Posted by & filed under Golf Tips.

Becoming older doesn’t mean you become a bad golfer – just look at Tom Watson and Gary Player. However, if you’re a senior golfer, you need to make minor adjustments to maintain a good distance and strong overall game. Here are Bernard Gallacher’s top tips for senior golfers to help increase their distance.

Use technology to your advantage

There’s some brilliant technology out there that can help golfers play for longer. You can use a buggy if you have problems walking around the course or an electric trolley if you want to preserve your energy for swinging.

A buggy is especially handy if you’re playing on a hilly course, and a trolley is ideal if you’re playing in wet weather and need somewhere to store your waterproofs and towels. You can carry as much equipment as you want around with you. This technology has existed since I was playing and it’s improving all the time.

Choose your clubs carefully

Nowadays, the pros score highly because the shafts are tailored to their game. Senior golfers can also take advantage of this development by customising their clubs. They can get their clubs fitted by a professional, who’ll find the weight and shaft to suit their game.

There are senior shafts out there. Senior golfers should use hybrids right up to even a 5 and 6 iron, rather than using a long iron.

The advent of titanium shaft clubs has been a massive development in golf. Titanium shaft clubs allow you to make a big head, which helps you tee it up higher.

You couldn’t make a head that size in my day because the clubs were made of wood, and you could barely lift it. Now, when you drive, the ball’s up in the air to start with. You don’t have to get it up in the air anymore and that’s a big bonus for senior golfers.

Find the ball to suit your game

Once you have the right club for your game, you can start experimenting with different golf balls. You won’t use the same ball Dustin Johnson or Rory McIlroy would use, but your game will benefit from this.

You’ve got to use a ball that you can compress – avoid high compression balls with a rating of 100 or higher. Senior golfers should use a low compression ball with a rating of between 70 and 80. It’ll make a big difference to their distance.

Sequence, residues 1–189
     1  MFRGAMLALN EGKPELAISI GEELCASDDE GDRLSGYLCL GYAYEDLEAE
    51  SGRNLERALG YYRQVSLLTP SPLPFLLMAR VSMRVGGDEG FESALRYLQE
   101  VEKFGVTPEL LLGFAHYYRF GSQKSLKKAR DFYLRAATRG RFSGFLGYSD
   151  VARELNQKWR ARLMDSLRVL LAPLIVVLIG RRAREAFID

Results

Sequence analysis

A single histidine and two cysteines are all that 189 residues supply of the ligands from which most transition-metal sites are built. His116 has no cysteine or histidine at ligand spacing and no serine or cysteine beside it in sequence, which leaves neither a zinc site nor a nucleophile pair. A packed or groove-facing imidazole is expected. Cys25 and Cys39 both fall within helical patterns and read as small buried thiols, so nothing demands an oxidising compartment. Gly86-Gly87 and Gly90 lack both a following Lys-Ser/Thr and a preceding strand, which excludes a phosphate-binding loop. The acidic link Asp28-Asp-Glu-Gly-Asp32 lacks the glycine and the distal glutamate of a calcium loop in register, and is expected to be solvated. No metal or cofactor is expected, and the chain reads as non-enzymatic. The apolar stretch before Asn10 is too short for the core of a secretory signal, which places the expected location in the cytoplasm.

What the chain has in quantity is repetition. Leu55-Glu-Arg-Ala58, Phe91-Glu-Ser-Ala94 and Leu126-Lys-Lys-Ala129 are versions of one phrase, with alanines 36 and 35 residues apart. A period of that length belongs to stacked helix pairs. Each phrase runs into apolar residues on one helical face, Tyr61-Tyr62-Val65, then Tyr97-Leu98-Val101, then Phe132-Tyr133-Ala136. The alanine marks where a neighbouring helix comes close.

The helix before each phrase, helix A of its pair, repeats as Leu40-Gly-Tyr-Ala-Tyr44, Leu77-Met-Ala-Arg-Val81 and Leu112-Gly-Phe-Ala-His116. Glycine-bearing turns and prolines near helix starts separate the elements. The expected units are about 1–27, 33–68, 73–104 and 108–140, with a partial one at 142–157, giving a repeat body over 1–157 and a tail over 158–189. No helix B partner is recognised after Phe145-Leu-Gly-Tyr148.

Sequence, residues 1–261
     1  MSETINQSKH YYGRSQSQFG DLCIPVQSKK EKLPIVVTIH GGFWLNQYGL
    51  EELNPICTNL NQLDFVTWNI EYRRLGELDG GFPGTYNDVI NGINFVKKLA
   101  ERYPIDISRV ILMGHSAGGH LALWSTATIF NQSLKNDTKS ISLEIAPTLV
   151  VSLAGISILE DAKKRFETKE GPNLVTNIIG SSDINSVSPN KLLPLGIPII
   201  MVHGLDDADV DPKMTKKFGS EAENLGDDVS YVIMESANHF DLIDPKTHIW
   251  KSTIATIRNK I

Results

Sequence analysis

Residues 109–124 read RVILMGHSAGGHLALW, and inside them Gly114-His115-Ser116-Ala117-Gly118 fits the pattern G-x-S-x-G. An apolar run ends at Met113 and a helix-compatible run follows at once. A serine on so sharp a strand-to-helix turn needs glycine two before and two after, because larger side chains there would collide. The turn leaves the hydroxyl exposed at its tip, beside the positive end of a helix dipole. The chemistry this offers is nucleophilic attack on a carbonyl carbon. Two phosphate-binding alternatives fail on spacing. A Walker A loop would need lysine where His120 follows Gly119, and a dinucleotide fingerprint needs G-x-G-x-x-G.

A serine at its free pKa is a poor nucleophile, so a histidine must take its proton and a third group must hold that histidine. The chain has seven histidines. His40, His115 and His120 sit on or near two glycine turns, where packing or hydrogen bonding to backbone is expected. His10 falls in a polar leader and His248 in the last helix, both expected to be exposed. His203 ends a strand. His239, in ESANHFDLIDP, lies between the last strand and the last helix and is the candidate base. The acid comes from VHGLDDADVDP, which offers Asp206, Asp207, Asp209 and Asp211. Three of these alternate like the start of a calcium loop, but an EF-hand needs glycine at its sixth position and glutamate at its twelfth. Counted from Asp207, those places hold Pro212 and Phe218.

(Related: Golf Ball Compression Chart and Rank)

Work on your grip

You should never underestimate the importance of a grip in improving your distance. The pros concentrate a lot on their grip, and they take it very seriously. By contrast, I’ve often felt that amateur golfers take their grip for granted, and their distances suffer as a result.

Your grip should be in the roots of your fingers of both hands as much as possible. It should never spread to the palm of your hands, otherwise, you’ll lose the flexibility in your wrists.

Practise your aim and alignment

This is another area that I don’t feel enough golfers pay attention to, but your aim and alignment are vital in increasing your distance off the tee.

I’d advise all senior golfers to take an alignment stick with them to optimise their aim. This will help them find the all-important angle of attack.

Put down the alignment sticks and align your feet slightly to the left of your target. Try to mirror the spine angle in the ground as you address the ball.

Your posture is also important. Remember the basics – stand as tall as you can to the ball and bend over from the waist. Think about the turn as well – the turn should be clear on the right side and the backswing.

Warm up properly

People rush to the course, having not played for two or three weeks, and think they can hit a 240-yard drive down the middle. You can only do that now and again – it doesn’t happen very often!

The only way you’re going to prolong your playing career and maintain a strong distance is by conducting a proper warm-up routine.

There are plenty of stretches and exercises you can do before each round. Then there are the playing drills – I like to arrive at the course in plenty of time to hit some balls.

I’d advise all senior golfers to start with a short iron, hit a few balls with a medium iron and then hit a couple of drives.  

Don’t take out a driver and try and kill the ball 300 yards. You wouldn’t try and go straight into top gear if you were in a car, and it’s the same when you’re playing golf.

Don’t overdo it

I’ve seen so many senior golfers make this mistake, and it’s an easy mistake to make.

When people retire, and they’ve suddenly got nothing on their mind, they’ll go to the golf course. If you’re a retiree, don’t make the mistake of playing EVERY day. Have a day off to re-charge the batteries and give your body a rest.

If you want to play as often as possible, maybe play nine holes instead of 18 sometimes. Whatever it is, you need to give your swing a break. Your distance will be all the better for it.

Posted by & filed under The Open.

Ask a hundred golfers to rank the greatest Open Championship courses and you’ll get a wide range of responses. We’ve attempted to narrow down the top 10 courses – see what you think… 

1. St Andrews – Old, Fife

One of those places that’ll make the hairs stand on the back of your neck. How many golfers would choose the Old if they could only play one course for the rest of their lives? A very large number, you imagine, for this is the home of golf, where the great game has been played since the 15th century.